Dogs can detect emotion in human voices, study shows - New York News

Dogs can detect emotion in human voices, study shows

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Think your dog can tell when you're feeling sad or happy? You may be right.

Dogs are sensitive to cues of emotion in human voices, according to a new study from Current Biology. Researchers suspect the area of the brain responsible for voice and sounds in both dogs and humans evolved at the same time, 100 million years ago, when the two species shared common ancestors.

"Dogs and humans share a similar social environment," Attila Andics, of MTA-ELTE Comparative Ethology Research Group in Hungary, said in a press release. "Our findings suggest that they also use similar brain mechanisms to process social information. This may support the successfulness of vocal communication between the two species."

For their study, researchers trained 11 dogs to sit still in a functional magnetic resonance imaging (fMRI) scanner. The researchers than analyzed the brain activity of both dogs and humans as they listened to 200 different dog and human sounds, ranging from crying to playful barking and laughing.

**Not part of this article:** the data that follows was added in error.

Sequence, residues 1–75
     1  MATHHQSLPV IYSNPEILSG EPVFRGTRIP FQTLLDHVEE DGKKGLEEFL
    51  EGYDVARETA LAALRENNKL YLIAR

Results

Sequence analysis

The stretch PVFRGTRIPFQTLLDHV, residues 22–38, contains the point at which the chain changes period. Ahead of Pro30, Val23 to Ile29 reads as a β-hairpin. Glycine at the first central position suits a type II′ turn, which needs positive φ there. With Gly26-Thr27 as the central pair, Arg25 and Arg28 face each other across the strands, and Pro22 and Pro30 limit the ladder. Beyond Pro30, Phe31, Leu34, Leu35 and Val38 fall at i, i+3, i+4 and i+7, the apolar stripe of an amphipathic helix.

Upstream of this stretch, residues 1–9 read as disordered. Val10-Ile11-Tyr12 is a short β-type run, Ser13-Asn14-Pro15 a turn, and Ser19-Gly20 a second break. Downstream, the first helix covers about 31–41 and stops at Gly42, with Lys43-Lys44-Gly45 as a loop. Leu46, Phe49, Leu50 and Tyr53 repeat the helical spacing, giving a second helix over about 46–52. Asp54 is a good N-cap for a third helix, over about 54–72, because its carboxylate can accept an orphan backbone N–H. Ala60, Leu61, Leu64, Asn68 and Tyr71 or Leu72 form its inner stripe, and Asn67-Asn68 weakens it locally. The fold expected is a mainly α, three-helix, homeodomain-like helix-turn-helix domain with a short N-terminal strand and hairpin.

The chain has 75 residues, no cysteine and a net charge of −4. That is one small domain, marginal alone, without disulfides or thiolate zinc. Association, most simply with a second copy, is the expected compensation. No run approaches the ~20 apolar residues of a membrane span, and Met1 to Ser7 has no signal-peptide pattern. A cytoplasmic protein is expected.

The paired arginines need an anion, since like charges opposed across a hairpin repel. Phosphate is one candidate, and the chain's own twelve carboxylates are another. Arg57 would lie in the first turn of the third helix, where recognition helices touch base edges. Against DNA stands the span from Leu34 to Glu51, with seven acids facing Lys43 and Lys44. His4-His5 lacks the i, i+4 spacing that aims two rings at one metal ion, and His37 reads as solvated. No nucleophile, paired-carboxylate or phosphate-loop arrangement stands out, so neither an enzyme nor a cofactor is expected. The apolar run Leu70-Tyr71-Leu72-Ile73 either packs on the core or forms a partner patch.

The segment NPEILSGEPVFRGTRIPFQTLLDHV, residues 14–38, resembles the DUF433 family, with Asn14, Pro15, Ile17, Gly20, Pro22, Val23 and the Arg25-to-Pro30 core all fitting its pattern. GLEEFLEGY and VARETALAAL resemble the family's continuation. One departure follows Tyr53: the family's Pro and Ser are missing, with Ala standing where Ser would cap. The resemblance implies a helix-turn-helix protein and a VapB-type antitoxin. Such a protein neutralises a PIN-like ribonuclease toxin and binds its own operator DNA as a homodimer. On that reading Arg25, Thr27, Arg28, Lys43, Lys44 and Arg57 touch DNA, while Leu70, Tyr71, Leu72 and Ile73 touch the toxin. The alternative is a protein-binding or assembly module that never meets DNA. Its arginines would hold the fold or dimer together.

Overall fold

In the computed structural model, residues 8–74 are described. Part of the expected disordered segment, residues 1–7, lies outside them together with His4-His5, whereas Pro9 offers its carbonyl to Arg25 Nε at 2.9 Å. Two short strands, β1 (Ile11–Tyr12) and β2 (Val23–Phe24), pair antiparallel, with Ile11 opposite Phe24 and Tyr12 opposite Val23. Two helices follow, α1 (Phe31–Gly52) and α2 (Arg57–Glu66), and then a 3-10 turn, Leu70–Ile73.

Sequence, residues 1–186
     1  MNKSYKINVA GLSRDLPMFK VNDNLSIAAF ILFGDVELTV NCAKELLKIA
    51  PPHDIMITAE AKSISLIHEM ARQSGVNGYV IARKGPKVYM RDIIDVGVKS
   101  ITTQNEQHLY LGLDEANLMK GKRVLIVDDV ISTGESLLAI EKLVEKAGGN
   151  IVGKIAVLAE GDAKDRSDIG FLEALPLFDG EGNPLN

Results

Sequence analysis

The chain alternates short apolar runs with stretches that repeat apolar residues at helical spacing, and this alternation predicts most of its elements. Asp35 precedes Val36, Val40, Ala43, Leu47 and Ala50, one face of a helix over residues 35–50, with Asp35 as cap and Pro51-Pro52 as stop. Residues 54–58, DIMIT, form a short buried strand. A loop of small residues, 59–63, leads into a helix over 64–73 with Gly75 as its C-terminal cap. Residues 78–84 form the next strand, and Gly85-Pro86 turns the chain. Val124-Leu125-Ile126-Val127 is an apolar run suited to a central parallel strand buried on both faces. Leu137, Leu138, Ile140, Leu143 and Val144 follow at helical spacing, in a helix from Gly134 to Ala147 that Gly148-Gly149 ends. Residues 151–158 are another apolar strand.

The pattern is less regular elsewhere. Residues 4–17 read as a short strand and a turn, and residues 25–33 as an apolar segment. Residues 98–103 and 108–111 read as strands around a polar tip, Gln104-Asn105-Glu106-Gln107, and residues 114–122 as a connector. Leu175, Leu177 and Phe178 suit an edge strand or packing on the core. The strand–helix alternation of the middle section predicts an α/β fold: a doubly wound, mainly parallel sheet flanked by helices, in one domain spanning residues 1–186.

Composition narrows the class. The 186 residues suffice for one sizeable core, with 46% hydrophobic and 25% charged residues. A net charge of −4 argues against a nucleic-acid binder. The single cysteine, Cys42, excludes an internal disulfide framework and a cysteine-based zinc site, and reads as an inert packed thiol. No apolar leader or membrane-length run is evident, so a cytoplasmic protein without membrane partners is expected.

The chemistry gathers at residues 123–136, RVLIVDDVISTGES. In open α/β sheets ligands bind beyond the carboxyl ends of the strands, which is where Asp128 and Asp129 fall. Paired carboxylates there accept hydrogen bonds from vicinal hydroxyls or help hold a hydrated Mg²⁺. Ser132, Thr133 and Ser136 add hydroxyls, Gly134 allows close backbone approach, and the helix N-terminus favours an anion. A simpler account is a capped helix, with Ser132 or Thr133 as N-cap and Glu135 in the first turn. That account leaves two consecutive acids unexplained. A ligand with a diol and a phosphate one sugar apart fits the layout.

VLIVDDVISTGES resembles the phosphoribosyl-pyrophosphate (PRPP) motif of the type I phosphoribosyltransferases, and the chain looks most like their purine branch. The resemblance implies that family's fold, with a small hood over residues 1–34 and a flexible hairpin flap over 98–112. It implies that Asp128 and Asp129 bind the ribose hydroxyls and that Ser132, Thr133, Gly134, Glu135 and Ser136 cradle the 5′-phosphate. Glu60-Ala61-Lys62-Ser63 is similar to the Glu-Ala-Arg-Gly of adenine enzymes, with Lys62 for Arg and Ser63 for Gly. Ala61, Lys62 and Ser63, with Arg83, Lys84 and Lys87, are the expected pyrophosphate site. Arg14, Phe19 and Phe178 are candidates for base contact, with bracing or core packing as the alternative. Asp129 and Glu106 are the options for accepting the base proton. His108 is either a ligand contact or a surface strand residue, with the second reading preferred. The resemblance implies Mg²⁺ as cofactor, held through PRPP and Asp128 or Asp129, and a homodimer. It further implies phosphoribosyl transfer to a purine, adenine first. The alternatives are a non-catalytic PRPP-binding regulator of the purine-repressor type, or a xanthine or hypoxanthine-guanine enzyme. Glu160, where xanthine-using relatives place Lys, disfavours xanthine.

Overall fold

While the brains of both dogs and humans responded most strongly to noises produced by their own species, they processed emotionally-loaded sounds in similar ways. For example, both species experienced a greater activation of the brain's primary auditory cortex when hearing happy sounds.

Some differences were noted as well: Dogs responded more strongly to non-vocal noises, compared to humans.

The researchers believe this study may lead to a better understanding of why dogs are so in tune with their owner's emotions.

"This method offers a totally new way of investigating neural processing in dogs," Andics said. "At last we begin to understand how our best friend is looking at us and navigating in our social environment."

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